And the winner is: the awards industry
First published in the Financial Times on 28th January 2014.
It is easy to be snobbish about business accolades – until you receive one yourself
These days I seem to spend a lot of my time judging. I don’t mean sitting in a court presiding over legal cases: I mean helping to choose who gets various business awards.
There’s the FT’s Boldness in Business awards; the Veuve Clicquot Businesswoman of the Year awards; the Startup Awards; EY’s Entrepreneur of the Year Awards – and those are just the recent ones in which I’ve participated.
How are decisions reached? For the better organised affairs there has been plenty of in-depth research beforehand, which is then sifted and debated thoroughly by the judges. Do we get it right? That depends on how much effort is expended, and whether the experts possess wisdom.
In every set of trade awards there are sponsors and promoters who have agendas. They want winners who will turn up to the event itself; who will be media-friendly; who will not fall from grace the moment they win; and who haven’t already received too many accolades. But finding worthy new names is hard.
There used to be a suspicion that any corporate leader or company that won an award was cursed – it was a loud signal to sell the shares. But there are so many awards now, any high achiever is sure to receive a few – and their reputations can’t all fall apart the moment they win.
The worst judging panels are those with a bully as the chair. It poisons the process and the result ends up a fix, or a row. The best groups are those where the considerations are done with humour, a lack of prejudice and loose rather than rigid rules about how decisions are reached. Of course everyone turns up with their particular preferences, networks and biases. But usually elegant solutions are found if the judges are good enough.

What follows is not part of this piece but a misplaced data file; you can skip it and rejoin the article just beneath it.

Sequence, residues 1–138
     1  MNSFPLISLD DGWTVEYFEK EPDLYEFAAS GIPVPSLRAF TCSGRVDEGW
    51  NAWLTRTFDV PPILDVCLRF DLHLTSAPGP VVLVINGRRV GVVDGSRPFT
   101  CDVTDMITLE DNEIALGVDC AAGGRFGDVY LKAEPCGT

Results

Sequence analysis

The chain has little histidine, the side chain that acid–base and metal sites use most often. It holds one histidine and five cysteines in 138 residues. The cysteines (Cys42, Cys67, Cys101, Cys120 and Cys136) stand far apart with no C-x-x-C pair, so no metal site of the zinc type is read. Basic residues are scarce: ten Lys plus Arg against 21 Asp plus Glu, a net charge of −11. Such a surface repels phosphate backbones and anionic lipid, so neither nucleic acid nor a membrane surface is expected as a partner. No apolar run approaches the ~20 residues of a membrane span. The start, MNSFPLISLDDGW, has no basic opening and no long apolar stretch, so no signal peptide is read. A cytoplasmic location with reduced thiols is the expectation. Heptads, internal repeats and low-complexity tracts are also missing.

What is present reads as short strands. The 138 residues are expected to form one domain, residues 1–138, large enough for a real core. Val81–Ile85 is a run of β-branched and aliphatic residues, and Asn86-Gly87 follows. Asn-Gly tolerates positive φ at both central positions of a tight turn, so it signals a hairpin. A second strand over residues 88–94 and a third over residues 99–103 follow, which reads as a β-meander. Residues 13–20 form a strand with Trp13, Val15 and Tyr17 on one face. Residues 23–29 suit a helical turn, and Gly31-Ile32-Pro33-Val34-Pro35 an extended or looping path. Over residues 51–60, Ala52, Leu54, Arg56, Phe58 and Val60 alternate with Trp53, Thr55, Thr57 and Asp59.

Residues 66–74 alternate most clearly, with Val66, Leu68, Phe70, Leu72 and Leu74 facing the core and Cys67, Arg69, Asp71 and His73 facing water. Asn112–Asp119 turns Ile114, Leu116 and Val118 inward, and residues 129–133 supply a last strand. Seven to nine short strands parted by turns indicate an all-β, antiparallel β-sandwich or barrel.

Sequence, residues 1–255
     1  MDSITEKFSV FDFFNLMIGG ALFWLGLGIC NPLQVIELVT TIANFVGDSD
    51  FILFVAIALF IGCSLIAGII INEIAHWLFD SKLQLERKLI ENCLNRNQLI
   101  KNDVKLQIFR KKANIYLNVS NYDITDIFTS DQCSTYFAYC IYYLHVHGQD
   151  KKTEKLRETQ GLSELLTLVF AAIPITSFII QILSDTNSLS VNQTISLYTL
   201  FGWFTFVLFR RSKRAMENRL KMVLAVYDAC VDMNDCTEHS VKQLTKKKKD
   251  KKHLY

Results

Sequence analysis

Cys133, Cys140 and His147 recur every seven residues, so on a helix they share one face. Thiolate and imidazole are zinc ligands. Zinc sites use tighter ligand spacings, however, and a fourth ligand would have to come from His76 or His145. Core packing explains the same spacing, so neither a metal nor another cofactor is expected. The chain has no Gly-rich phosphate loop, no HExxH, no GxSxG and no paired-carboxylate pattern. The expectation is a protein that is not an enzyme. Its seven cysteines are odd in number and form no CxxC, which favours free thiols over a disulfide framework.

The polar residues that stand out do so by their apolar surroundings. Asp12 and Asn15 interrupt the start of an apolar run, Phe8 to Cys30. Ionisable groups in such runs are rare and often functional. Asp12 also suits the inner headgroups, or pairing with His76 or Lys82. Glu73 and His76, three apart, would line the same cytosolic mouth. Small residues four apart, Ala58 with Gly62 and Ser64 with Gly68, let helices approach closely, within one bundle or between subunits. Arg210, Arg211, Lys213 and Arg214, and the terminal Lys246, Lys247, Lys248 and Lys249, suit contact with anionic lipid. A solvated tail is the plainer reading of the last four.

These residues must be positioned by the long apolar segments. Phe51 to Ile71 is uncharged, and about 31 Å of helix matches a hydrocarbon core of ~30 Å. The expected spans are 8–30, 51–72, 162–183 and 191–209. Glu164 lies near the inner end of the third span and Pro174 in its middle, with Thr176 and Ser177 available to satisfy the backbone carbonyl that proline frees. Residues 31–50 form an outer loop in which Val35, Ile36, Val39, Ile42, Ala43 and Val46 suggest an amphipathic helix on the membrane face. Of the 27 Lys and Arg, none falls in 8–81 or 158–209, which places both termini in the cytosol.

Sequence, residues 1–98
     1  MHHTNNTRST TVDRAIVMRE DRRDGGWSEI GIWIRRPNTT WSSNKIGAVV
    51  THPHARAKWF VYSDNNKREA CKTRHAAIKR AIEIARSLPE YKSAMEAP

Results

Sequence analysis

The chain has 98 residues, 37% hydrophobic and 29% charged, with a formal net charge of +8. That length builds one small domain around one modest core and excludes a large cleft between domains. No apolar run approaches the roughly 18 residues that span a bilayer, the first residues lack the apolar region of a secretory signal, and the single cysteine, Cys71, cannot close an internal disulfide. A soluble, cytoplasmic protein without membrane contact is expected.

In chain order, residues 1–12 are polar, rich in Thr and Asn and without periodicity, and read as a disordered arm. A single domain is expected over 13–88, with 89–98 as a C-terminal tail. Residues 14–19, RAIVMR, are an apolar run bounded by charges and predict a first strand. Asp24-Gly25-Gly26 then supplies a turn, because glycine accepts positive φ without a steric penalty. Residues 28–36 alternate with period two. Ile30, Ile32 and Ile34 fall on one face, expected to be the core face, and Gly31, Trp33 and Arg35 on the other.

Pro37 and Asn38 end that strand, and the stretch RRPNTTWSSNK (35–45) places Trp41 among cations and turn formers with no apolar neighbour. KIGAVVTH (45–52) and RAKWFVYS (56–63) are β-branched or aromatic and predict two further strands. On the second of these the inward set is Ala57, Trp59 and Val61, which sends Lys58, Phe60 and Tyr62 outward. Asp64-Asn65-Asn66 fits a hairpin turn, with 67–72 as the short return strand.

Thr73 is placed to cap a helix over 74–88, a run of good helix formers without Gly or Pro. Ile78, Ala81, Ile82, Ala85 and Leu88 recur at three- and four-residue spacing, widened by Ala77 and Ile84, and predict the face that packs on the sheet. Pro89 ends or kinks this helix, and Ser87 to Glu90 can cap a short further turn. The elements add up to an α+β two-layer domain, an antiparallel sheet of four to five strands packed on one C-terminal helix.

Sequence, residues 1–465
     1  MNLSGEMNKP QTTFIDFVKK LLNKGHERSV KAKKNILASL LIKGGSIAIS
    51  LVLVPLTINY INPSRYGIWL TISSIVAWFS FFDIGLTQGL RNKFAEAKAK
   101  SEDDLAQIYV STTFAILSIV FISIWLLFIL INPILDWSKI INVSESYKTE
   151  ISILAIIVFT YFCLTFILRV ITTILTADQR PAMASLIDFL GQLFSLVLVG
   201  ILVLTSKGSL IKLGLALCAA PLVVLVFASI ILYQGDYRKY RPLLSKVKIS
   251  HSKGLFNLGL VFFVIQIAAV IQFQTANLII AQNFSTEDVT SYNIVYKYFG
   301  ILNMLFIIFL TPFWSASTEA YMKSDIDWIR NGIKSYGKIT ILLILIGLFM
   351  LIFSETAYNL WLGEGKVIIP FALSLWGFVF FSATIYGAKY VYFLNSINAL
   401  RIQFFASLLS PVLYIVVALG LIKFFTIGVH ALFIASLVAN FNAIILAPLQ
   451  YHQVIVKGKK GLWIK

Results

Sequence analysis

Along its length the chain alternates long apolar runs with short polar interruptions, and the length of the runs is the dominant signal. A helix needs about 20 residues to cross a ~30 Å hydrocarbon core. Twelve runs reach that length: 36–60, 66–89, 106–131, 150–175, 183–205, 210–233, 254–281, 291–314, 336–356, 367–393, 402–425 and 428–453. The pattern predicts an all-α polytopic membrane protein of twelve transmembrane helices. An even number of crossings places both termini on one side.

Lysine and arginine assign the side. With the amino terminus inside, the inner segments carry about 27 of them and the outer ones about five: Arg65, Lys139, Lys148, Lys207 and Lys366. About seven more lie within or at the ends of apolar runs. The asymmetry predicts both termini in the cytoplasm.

I must believe in the concept of awards, because I backed a venture specialising in it – the Food Awards Company, run by Caroline Kenyon. So far she has invented the Food Photographer of the Year and World Bread Awards, with others on the way. It seems that demand is endless among directors to congratulate each other over their victories. And why not? Awards are terrific for PR purposes, are a marvellous excuse for a shindig, and can boost management morale no end.
For some years I’ve been involved with Superbrands and Fasttrack, which publish league tables of the strongest brands and best private firms respectively. Although these are not awarding organisations, the principle is the same: congratulating superior performance. The offerings from both companies remain as popular as ever.
Some complain there are too many prizes in modern life, and that the proliferation of trophies dilutes the whole idea of being honoured by one’s peers. However, industries such as the restaurant and food sector have a long way to go before they indulge in the orgies of mutual back-slapping that infest show business. I have attended the Baftas (for television and film), and the Oliviers (for theatre) and witnessed all the hyperbole and self-importance. Nevertheless, both events are highly effective publicity machines, thanks to the power of celebrity.
It is easy to be snobbish about such froth – until you receive an accolade. And then one’s sneers curiously melt away, to be replaced by a feeling that such recognition was entirely deserved.
Moreover, I have met entrepreneurs whose profiles and self-confidence have soared since winning a prestigious award. However, there are occasions when even one’s own vanity questions a particular award – such as the time I was named Best Dressed Businessman of the Year. As my wife might say, are they sure?
The common perception is that all bosses are purely motivated by money. But the power of awards proves otherwise. It is astonishing how happy even the biggest names become with such baubles.
In Britain, the ultimate gong is one granted through the official honours system. Supposedly these cannot be bought, but are mostly bestowed for outstanding achievements in public life – not business. This is precisely why lots of top entrepreneurs and executives want them so much: to demonstrate that they are more than just wealthy capitalists.